NYC Transit Tech Lab shares results of tech idea challenges

Results of the tech idea challenges will be used by NYC transit agencies to determine which companies are awarded yearlong pilot programs.
NYC subway car
A New York City subway car sits empty on March 23, 2020. (Angela Weiss /AFP / Getty Images)

New York City’s Transit Tech Lab released the results of its annual tech idea challenges on Tuesday, which will be used to determine which tech companies are awarded yearlong pilot programs with regional transit agencies in the coming months.

The 15 finalist companies were selected in May from a pool of more than 150 applicants to implement their experimental proposals in collaboration with regional transit agencies. The companies ran eight-week tests on technology solutions such as automated 3D mapping for track maintenance, AI-powered bus schedule planning and electronic pre-hiring assessments.

The Transit Tech Lab, a startup accelerator led by the Metropolitan Transportation Authority and the nonprofit Partnership for New York City, solicited ideas around operational performance and employee recruitment and retention for this year’s challenges.

Stacey Matlen, vice president of innovation at the Partnership for New York City, said the two key areas of focus were derived from legislative mandates to reduce transit operational spending and feedback from the four participating transit agencies: the MTA, New Jersey Transit, the Port Authority of New York and New Jersey and the NYC Department of Transportation.


“We speak with representatives across various departments from each of the operating agencies, and we look for themes,” Matlen said. “All of them, we’re sharing that there are financial constraints, that they have to do more with less and that it’s also very difficult to recruit and retain talent right now.”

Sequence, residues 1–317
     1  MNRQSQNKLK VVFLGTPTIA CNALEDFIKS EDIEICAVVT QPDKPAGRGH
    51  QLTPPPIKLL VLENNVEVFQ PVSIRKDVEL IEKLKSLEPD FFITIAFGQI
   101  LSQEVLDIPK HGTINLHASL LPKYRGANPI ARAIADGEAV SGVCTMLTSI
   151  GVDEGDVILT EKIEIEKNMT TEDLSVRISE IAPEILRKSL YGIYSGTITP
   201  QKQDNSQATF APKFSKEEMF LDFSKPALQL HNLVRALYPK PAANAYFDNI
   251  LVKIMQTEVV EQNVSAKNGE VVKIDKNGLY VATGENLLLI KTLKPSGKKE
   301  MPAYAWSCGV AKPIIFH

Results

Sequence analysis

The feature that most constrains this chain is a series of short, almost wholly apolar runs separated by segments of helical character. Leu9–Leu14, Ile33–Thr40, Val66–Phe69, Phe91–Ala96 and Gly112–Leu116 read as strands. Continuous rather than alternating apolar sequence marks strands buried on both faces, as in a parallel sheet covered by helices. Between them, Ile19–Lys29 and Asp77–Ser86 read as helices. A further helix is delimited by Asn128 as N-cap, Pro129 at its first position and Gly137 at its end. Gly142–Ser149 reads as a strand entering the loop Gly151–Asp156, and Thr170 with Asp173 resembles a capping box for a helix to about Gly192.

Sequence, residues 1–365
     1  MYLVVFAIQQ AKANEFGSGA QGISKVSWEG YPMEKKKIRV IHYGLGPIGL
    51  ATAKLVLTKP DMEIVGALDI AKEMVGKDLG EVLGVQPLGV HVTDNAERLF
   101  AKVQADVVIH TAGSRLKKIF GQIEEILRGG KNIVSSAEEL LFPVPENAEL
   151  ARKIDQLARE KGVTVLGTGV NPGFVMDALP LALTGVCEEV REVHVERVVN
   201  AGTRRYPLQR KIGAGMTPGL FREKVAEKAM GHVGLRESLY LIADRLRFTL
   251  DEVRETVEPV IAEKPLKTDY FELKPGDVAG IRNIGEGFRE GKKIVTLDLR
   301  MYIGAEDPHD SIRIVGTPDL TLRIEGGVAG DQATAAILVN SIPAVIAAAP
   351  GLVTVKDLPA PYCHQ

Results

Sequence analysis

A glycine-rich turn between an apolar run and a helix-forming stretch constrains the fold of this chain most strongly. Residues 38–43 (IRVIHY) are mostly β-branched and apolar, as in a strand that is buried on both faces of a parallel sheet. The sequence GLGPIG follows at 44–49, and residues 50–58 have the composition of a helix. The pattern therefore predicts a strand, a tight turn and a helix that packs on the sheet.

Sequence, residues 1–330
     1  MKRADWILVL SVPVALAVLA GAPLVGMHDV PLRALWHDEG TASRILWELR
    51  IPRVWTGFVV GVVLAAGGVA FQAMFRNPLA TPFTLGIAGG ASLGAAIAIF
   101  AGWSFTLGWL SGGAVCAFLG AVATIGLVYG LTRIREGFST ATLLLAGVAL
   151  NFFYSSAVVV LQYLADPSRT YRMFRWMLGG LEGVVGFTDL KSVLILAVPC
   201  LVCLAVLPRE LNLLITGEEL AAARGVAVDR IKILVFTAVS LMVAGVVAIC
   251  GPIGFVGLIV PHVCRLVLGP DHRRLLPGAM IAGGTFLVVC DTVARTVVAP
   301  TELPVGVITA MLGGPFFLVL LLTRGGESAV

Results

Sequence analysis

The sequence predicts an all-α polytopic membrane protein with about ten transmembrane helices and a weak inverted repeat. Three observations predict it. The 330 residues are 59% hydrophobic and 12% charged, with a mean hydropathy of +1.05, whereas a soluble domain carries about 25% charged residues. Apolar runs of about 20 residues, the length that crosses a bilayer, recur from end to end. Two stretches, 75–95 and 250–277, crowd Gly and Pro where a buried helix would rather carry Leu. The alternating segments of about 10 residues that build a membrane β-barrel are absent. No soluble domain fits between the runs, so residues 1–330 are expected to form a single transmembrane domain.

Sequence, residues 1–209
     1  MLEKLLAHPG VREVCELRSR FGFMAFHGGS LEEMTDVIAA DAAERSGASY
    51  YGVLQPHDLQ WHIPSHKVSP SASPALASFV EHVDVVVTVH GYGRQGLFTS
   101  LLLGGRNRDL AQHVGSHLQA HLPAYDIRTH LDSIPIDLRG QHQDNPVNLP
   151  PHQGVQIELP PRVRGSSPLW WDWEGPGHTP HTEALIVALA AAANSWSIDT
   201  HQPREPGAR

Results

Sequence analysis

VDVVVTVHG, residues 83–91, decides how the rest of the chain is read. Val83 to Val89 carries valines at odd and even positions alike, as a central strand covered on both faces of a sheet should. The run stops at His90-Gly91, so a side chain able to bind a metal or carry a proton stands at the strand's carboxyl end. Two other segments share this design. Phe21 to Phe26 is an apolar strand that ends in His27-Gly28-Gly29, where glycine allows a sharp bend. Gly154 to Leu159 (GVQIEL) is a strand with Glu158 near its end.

It’s up to the transit agencies to decide which tech start-ups they partner with, Matlen said. The Partnership for New York City is responsible for soliciting and vetting applications for the program. Last year, only 10 companies were selected.

Of the 15 companies that took part in this year’s challenges, 12 selected the operational efficiency focus. Those companies’ projects include improvements to passenger flow management, infrastructure maintenance and track inspection processes. The remaining three companies tested solutions to the widespread workforce shortage, implementing tech tools for employee recruitment and retention.

This is the fifth consecutive year the Transit Tech Lab has run a competition. Some of the previously piloted tech solutions have gone onto to become permanent tools used by the city, including a live subway map now hosted on the MTA’s website.

Matlen said the Transit Tech Lab is drafting pilot contracts with the companies selected from the 15 finalists and that the pilot winners will be publicly announced in the coming months.

Keely Quinlan

Written by Keely Quinlan

Keely Quinlan reports on privacy and digital government for StateScoop. She was an investigative news reporter with Clarksville Now in Tennessee, where she resides, and her coverage included local crimes, courts, public education and public health. Her work has appeared in Teen Vogue, Stereogum and other outlets. She earned her bachelor’s in journalism and master’s in social and cultural analysis from New York University.

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